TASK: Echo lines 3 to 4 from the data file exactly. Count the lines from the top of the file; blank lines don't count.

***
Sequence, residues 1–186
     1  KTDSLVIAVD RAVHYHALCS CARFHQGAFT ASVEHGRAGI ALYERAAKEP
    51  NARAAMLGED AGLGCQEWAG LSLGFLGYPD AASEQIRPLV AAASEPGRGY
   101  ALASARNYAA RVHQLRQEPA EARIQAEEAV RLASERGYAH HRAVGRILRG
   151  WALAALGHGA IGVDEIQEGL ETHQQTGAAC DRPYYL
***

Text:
    51  NARAAMLGED AGLGCQEWAG LSLGFLGYPD AASEQIRPLV AAASEPGRGY
   101  ALASARNYAA RVHQLRQEPA EARIQAEEAV RLASERGYAH HRAVGRILRG